Boonville-Oneida County Fair underway
Nicole A. Hawley and Jack Elliott, Sentinel Media
At the Boonville-Oneida County Fair Cattle Show, it’s so “moo-ch” about family.
Boonville-Oneida County Fair underway
BOONVILLE — At the Boonville-Oneida County Fair Cattle Show, it’s so “moo-ch” about family.
Brianne Willson, of By-Design Farm on Sly Hill Road in Ava, had her sons Chase, 9, and Landon, 6, with her at the fair Tuesday on Opening Day, along with their five holsteins and brown Swiss cow. They have a total of about 70 cows back on the farm.
“They are the kids’ cows,” said Willson of the cattle they were showing at the fair. “We’ve been coming to the Oneida County Fair since 1995, so this is our 27th year.”
While Willson was participating in the fair back when she was a kid, she said showing cattle at the county fair was an introduction toward passing down their livelihood to the next generation.
“It’s generational — now the kids help out in the barn every day before school, and even after school,” she said.
Willson explained there are two different competitions for cattle at the fair:
• The Showmanship Competition: It gives an opportunity to portray the skills learned while caring for your livestock and the preparation made for competition, including how to properly walk a cow.
“You have to tailor it (walking) to hide the flaws of your cow and show off its strengths,” Willson explained. “They are judged on cleanliness too. You have to know your cow and know how to set her up.”
• The Conformation Class: Compares the animal to its breed standard, similar to a dog show. All the judges have different tastes, Willson said, but all are looking for the perfect cow to win. She said it’s quite comparable to a beauty pageant.
Before they’re shown, Willson said the children need to bring their cattle to the ring to be properly cleaned and groomed.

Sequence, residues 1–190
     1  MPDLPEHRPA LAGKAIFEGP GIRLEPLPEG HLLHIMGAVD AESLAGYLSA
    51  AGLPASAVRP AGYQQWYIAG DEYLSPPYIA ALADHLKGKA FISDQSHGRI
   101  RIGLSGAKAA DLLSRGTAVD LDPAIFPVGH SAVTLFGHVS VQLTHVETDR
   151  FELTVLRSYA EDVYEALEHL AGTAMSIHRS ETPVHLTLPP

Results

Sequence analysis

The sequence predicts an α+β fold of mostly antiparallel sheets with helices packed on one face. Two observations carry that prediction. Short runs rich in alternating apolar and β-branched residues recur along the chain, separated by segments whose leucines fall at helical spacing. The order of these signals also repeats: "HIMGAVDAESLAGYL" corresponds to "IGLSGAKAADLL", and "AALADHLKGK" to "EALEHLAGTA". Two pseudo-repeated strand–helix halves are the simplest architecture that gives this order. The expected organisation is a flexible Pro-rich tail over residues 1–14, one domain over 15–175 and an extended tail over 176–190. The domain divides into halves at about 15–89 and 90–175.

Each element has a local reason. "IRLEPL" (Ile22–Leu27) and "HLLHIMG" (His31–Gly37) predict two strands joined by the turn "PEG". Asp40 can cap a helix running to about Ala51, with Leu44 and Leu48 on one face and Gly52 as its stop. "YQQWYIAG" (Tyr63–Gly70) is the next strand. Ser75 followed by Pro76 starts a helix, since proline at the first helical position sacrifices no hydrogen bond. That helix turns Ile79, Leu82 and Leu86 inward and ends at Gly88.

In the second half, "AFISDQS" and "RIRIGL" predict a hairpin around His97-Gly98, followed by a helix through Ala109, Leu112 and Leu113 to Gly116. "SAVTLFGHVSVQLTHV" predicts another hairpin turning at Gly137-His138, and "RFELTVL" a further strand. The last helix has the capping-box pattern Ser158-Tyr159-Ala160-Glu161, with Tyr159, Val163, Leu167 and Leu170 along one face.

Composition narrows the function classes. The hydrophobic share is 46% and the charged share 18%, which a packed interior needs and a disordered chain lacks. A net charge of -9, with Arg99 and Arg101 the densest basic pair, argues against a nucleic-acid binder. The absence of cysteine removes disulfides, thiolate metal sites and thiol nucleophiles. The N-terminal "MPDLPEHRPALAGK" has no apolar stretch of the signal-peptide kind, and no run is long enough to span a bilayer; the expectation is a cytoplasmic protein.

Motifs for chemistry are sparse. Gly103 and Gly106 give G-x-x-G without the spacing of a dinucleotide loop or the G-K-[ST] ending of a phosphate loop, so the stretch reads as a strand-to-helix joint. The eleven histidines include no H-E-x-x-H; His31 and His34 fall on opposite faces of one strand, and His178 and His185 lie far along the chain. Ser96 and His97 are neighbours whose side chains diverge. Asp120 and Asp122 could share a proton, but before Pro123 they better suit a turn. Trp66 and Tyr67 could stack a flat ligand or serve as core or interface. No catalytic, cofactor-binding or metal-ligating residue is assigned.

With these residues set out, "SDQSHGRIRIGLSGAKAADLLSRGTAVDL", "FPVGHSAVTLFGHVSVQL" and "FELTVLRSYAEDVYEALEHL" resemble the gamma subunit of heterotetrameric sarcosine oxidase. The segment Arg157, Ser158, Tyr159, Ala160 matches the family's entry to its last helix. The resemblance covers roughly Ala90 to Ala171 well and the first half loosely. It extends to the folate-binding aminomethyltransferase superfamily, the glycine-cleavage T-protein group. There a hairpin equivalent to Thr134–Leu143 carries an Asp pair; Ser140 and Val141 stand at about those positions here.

While farmers who participate in the Oneida County Fair Cattle Show don’t need to qualify in order to move on to the State Fair in Syracuse at the end of the summer, Willson said her family prefers their local fair for now, in comparison to the high competition and expense of participating at the state level. They previously had shown their cattle nationally, and even internationally.
Joy Starling, of Par Four Farms in Lowville, Lewis County, was at the fair with family members and son Jonathan, who will be a senior in the fall at Lowville Academy. Like Willson, Starling shared that she spent her childhood participating in the Boonville-Oneida County Fair, having grown up in Lee Center.
She recalled the days of spending fair nights in the back of her family’s station wagon, where these days, the Starlings bring along their truck-pulled trailer for a more comfortable night’s sleep. Her family started participating in the fair back in 1976.
Starling remembered when the Oneida County Fair had two full barns of holsteins and other cattle for show, “but the numbers are not as good now.”
Starling said just in the area where she grew up, there used to be at least a dozen farms, but now there’s only 1 or 2. It’s a different situation in Lewis County, she said.
“In Lewis County, the cows out-number the people,” she said. “We wish we could get more people interested in livestock showing here.”
The Starlings were showing nine cows in all at the Boonville-Oneida County Fair — holsteins and jerseys. She added that being at the Oneida County Fair was like attending a family reunion because it’s often the only time each year they get to see fellow farmers they’ve made friends with over the years.
As for the livestock — “We like to show the distinction between beef and dairy cows,” she said.
“Once in a while” the Starlings have brought their cattle to the State Fair, if they “have a particularly good cow.”
The heifers are “judged on what they look like — each judge has their own ideal in mind, so each judge is unique,” she said. “It makes it difficult.” Her farm has about 40 cows total.
Meanwhile, Oneida County 4-H Team leader Lisa Farney was making sure the livestock showers were aware of all the special events and activities going on for children each day and evening of the week-long fair. 4-H is also in charge of all the craft and educational exhibits on display at the fair’s Exhibition Hall.
Farney said educators with Cornell Cooperative Extension were also at the fair this year showcasing different programs, such as nutrition and child care, as well as agriculture in the Exhibition Hall.
4-H programs the children would be participating in throughout the week included the Barnyard Olympics, the Cow Costume Contest and other educational activities that would teach them how to better care for their animals.
“It’s great to see the kids participate,” said Farney, adding that despite the pandemic cancelling the county fair in 2020, and placing restrictions on the 2021 fair, youth participation in showing has actually grown this year. The same can be said about 4-H, she said.
“Participation in 4-H has been fairly steady in spite of COVID-19 too,” said Farney.
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